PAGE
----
Briggs Beautyware is a name well-known for its mid century sinks, tubs and toilets — but the company also made steel kitchen cabinets. And, it seems like they were among the early makers of steel kitchen cabinets. The photos I’m showing here are from a catalog in my personal collection — and the catalog is dated 1938. And more: Look at these colors offered. Yes, in 1938 you could get Briggs Beautyware metal kitchen cabinets in white and 11 other gorgeous colors: Sea Green Light, Sky Blue Light, Coral (!!!!!), Sea Green Deep, Sky Blue Deep, Orchid (!!!), Lime Green, Ivory, Sandstone, and Black.
Briggs Beautyware plumbing fixtures also were available in these colors, and in some cases, you could get two-tone. For examples, see the tub above — the bottom is the darker green. And, the pedestal sink looks to be sandstone on a black pedestal.
These steel kitchen cabinets are siblings to auto body panels
This story, which is part of my The Retro Renovation® Encyclopedia of Vintage Steel Kitchen Cabinets, also situates steel cabinets as part of the auto-making complex. Which makes sense. Cars need pressed and enameled sheet metal. And so do steel kitchen cabinets.
By 1938, Briggs Manufacturing Company had been in business for 30 years. The company was based in Detroit. It had factories in Detroit, Hamtramck, and Highland Park, Mich.; Knoxville, Tenn.; Cleveland; Evansville, Indiana, and Dagenham, England. These all were locations closely associated with the American auto industry, which was booming.
Briggs Beautyware Cab-Unettes
Apparently reflecting the fact that kitchen cabinets that you could piece together in a modular fashion were a NEW thing, Briggs called their line “Cab-Unettes”. Unettes. Units. Get it?
My catalog is 54 pages long. The kitchen cabinets take up just five pages. I guess that’s why the text on the page above also calls them “Special Kitchen Cabinets.” That is, Briggs was known for its plumbing fixtures, not steel kitchen cabinets. But now that steel kitchen cabinets were becoming more popular, they extended their Briggs Manufacturing Company auto body business into this endeavor.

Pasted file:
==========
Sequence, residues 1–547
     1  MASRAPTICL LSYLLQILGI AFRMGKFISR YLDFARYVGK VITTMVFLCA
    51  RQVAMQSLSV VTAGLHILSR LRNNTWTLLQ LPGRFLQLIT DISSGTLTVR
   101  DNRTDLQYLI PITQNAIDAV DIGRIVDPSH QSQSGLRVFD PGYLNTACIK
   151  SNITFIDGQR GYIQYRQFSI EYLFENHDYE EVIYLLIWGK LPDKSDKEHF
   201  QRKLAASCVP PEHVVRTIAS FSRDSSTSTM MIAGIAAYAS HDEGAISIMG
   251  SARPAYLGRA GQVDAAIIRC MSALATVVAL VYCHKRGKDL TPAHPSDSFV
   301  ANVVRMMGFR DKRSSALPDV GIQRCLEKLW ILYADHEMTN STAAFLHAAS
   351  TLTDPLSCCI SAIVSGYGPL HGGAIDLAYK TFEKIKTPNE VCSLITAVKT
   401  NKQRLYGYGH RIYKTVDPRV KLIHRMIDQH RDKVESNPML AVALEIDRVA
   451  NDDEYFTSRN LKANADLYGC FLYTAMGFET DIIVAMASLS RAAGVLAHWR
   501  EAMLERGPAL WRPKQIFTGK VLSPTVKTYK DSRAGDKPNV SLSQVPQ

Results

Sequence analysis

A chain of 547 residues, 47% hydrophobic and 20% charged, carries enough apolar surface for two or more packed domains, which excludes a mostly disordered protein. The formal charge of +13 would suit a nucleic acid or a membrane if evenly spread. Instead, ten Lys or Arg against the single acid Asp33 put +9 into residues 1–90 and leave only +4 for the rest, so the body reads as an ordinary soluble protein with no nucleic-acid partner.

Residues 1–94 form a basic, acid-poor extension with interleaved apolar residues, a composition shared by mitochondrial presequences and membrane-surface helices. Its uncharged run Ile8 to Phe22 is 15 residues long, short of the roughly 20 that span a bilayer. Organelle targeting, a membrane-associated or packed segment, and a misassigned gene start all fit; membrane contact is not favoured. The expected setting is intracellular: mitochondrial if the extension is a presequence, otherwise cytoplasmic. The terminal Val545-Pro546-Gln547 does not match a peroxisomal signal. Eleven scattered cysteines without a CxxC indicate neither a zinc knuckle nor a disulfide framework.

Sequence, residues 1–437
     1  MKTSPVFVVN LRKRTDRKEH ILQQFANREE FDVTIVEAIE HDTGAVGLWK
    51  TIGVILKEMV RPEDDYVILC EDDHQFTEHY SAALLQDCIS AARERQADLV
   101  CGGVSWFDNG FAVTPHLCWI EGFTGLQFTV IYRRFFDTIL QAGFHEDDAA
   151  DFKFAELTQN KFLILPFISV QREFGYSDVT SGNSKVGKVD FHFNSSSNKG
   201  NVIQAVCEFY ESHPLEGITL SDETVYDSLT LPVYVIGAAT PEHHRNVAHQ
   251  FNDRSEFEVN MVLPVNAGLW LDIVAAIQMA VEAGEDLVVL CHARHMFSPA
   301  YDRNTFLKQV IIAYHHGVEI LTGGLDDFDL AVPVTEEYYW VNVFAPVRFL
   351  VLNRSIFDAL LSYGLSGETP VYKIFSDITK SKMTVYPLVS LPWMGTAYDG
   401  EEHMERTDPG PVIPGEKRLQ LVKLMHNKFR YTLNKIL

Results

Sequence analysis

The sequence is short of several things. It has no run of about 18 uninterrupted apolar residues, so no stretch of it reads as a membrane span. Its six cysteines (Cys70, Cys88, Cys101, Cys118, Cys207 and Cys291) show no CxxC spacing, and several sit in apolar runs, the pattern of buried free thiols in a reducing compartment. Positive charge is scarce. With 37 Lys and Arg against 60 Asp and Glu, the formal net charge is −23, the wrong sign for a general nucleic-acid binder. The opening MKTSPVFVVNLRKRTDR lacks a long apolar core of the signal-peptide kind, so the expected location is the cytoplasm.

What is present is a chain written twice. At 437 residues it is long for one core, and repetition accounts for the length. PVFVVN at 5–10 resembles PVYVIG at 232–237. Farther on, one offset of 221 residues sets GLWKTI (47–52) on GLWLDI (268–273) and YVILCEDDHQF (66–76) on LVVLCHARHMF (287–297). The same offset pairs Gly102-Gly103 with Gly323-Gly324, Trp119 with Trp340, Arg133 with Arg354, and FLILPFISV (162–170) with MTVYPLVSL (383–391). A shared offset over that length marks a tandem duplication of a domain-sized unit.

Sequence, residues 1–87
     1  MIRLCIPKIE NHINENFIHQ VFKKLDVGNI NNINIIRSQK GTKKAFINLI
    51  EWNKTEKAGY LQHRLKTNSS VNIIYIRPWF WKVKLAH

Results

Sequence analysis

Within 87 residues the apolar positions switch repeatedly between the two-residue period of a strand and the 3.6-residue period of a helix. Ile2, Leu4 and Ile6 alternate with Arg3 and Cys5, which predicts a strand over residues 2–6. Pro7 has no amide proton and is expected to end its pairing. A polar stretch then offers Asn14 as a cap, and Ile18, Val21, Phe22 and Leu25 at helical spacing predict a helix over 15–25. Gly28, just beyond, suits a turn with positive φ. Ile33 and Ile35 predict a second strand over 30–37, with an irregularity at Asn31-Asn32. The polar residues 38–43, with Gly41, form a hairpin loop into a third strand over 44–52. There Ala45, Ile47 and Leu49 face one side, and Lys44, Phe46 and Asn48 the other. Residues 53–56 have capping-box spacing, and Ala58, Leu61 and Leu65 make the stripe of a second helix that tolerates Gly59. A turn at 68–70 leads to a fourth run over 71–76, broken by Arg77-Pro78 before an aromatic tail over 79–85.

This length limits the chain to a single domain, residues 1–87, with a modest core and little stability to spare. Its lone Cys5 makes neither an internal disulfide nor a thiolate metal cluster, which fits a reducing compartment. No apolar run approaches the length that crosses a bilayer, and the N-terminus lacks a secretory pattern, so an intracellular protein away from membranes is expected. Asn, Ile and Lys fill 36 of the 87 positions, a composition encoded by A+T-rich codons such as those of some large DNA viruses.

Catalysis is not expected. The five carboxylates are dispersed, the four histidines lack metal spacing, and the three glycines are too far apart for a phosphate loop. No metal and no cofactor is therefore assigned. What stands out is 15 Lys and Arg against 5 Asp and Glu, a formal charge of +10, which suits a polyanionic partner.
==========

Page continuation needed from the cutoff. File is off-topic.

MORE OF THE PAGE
The cabinets themselves do not seem to have many features that distinguish them from other designs. The doors and drawers are full overlay, the most common design.
Okay, how about: The cabinet pulls seem to be set fairly high. The shelves are all metal and appear to be fixed (not adjustable).
From my Briggs catalog:
The “Cab-unette” fixtures illustrated … round out the Briggs Beautyware line of kitchen sinks. They are fit companions for Briggs ware, of the highest quality, individual units built to last a life-time. High grade metal, with baked enamel finish, sound-deadened doors.
Cab-unette fixtures combine maximum utility with modern lines. They are available in all Briggs colors and provide a perfect match to all Briggs Beautyware sinks…
Above: You could have any color linoleum countertop as long as it was black. << Ford joke. I’m not sure this is true re the Briggs’, but I do know from previous research, that linoleum kitchen countertops during this period tended to be in dark colors. Black, red, green. Also, countertop laminate was not invented until 1938, and not popularized until after World War II ended.
20 combinations illustrated, with 42″ and 60″ Briggs drainboard sinks
These are some nice looking kitchen combinations!
Above: Here’s the text that proves that you could get these Briggs steel kitchen cabinets in 12 colors. As early as 1938! I am gobsmacked!
Of course, you also could start with just a sink cabinet. Briggs also had many designs of porcelain enamel drainboard sinks. These also were available in all the colors.
Steel bathroom vanity cabinets too — including in a vitreous porcelain finish
Briggs also had steel bathroom vanities. Read the fine print and it seems there were two finishes. Above: A “Synthetic Enamel” finish. I presume that means some sort of paint. And in all the colors, too. Note, these bathroom vanity designs are deco-curvy, unlike the kitchen cab-unettes.
And above: There was an even more upscale steel vanity with a Porcelain Enamel finish. I think that means: The same kind of vitreous process used on cast iron and steel sink substrates.
Want to decorate your kitchen or bath just like they recommended in 1938? Briggs gave us a handy dandy chart of color combinations du jour.
Briggs Manufacturing Company, circa 1938, must have really been something!
Readers, if you find more info or photos or examples of these Briggs Beautyware Cab-Unettes, be sure to contact me, I’d love to capture more info. And in colors — double extra bonus points!